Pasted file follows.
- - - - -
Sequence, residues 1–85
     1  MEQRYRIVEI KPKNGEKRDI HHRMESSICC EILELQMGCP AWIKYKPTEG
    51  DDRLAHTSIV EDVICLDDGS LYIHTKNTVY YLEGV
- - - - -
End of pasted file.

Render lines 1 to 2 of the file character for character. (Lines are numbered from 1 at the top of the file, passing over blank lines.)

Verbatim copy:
Sequence, residues 1–85
     1  MEQRYRIVEI KPKNGEKRDI HHRMESSICC EILELQMGCP AWIKYKPTEG